There’s even one video where Denise jerks her clit off between her fingers, similar to how a man would masturbate. She strokes her endowment up and down until she comes. Of course, whether she actually climaxed in that moment is beside the point. What’s more important is how much guys watching this can identify with Denise’s actions. We’ve all been there in some form or fashion. It’s supremely arousing to see a lady do what we’ve been doing since we were teenage boys. Denise is a fine looking lady who’s strong, confident, intelligent, sexy, and proud of what her body can do for her. She isn’t ashamed. She isn’t embarrassed to have a large clitoris that provokes Internet trolls to make denigrating comments like “She’s actually a man!” or “Gross! That’s what steroids will do to you!” Denise isn’t a man of course, and not only are these idiots totally wrong, they’re missing out on enjoying an entire facet of femininity that many of us deeply appreciate.

FBBs who use clit pumps aren’t redefining “femininity.” Instead, they’re expanding the definition of it. Big muscles, large genitalia, and an assertive personality can also be feminine. FBBs aren’t trying to be like men; they’re trying to be a better version of themselves. When we see Angela Salvagno stretch her golden brown labia as far out as it can go, we’re reminded that she’s showing off her feminine body in all its glory. We’re not seeing a masculine-looking figure inhabiting a female body. We’re seeing a nontraditional womanly body that doesn’t conform to our preconceived notions of what “feminine” should look like.

These truths can go over the heads of far too many of us. However, clit pumps play an integral role in tearing down these barriers. When that clear tube is filled with 2-3 inches of meat, our philosophical paradigm shifts completely. We finally recognize the irrefutable truth that female bodybuilders are exactly that: females who build their bodies up to proportions that shatter our expectations. And they build their bodies in ways that go beyond their muscles. It includes their genitals, too.

Witnessing a cute girly girl like Brandi Mae Akers filling her tube with a couple inches of clitoral meat really proves the point that our perceptions of “masculine” and “feminine” are completely wrong. Our brains struggle to comprehend how someone so unmistakably feminine can also have such large genitals. How is that even possible? Then, she jokes about walking around in public with the tube still attached, giggling at the possibility of strangers stopping dead in their tracks when they see a pretty young lady like herself sport a substantial endowment between her legs. What a sight that would be!

Brandi Mae Akers says “peek-a-boo!”

Whether we’re dealing with a pretty girl-next-door like Brandi Mae or an intimidating Alpha Female like Amber DeLuca, both of these ladies force us to reevaluate how we should view the differences between men and women. Personally, when I see Amber proudly filling that tube with her large clit, I don’t feel insecure or apprehensive. Instead, I feel a sense of kinship and commonality with her. I feel like she isn’t all that different from me. She’s obviously quite different from me in every aspect of life, but in that moment I feel as though we’re two sides of the same coin.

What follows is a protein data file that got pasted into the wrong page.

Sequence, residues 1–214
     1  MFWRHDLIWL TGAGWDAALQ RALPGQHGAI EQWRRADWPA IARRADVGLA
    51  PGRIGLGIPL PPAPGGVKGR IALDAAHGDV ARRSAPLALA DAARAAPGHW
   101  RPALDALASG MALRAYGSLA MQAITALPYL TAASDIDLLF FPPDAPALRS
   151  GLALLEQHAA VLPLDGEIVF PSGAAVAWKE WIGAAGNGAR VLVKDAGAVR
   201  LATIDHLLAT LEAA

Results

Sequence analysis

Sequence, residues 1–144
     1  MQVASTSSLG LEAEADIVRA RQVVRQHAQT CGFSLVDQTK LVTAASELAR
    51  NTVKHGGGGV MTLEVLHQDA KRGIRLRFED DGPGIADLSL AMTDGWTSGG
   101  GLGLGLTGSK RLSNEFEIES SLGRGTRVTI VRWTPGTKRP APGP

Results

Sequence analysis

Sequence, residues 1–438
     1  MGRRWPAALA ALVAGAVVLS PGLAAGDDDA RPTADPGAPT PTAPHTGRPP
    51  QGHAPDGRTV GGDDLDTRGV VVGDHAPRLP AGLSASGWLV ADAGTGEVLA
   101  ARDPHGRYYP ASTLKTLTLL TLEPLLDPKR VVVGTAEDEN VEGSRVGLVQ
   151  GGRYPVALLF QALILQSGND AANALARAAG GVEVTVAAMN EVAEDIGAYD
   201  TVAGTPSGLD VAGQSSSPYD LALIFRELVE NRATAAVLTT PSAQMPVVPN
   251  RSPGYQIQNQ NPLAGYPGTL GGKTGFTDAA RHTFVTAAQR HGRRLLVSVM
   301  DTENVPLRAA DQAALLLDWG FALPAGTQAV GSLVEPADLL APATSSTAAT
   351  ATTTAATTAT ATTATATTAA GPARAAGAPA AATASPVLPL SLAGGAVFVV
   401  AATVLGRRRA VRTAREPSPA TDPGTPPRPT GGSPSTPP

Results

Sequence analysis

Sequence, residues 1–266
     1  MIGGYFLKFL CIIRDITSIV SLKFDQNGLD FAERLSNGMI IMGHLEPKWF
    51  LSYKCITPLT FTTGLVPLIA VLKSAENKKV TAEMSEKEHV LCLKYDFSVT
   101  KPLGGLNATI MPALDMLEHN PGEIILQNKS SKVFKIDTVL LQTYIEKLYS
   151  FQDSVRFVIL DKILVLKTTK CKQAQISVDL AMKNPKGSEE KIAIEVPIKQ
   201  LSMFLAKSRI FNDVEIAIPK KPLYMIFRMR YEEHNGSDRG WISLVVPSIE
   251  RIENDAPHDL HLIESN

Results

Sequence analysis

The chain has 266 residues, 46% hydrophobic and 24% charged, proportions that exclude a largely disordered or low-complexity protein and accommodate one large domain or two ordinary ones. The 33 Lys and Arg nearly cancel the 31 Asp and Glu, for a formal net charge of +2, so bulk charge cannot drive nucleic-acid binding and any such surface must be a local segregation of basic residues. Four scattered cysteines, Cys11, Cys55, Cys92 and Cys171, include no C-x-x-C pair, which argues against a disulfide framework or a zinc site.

Male/female. Masculine/feminine. Blah. Why does it matter? What’s the difference? Differences do exist, but why are we so focused on them all the time? Can’t we just celebrate our distinctions, recognize our similarities, and enjoy what every single one of us can bring to the table? I pray the world may wake up and finally realize that we’re tearing ourselves apart for no good reason.

In closing, we should be grateful that there are a number of female bodybuilders who are not afraid to pump their clits for the entire world to see. They’re not ashamed of what Mother Nature has endowed them with, as well as the side effects of living life as an elite bodybuilder. But it’s not just that they’re not afraid; they’re proud of their bodies. They take pride in being unique. They relish being able to shatter our preconceived notions of human sexuality and gender identities. They’re taking all of us to school one way or another.

Every time they film themselves using a clit pump, they’re planting seeds inside our imaginations of what women are actually capable of being. They aren’t people who “lack a penis,” but instead are people who affirmatively “have a vagina, labia, and clitoris.” These parts do not singularly define their identity, but they certainly play a role in shaping how we view and treat them. We take pleasure in watching them experience pleasure. And whether we know it or not, we’re becoming better people, little by little.

As they expand their clits to larger lengths, they’re also expanding our hearts to newer heights.

Alpha Females, Beta Males, and Everybody in Between

Debbie Bramwell-Washington is without question an Alpha Female.

Generally speaking, don’t generalize. This isn’t a rule so much as a modest recommendation. Sometimes, our generalizations can be fairly accurate (i.e. the weather tends to be hot during the summer months and cold during the winter months), but other times our generalizations are not even close to being fair or accurate (i.e. Chinese food is icky because all they eat are dogs).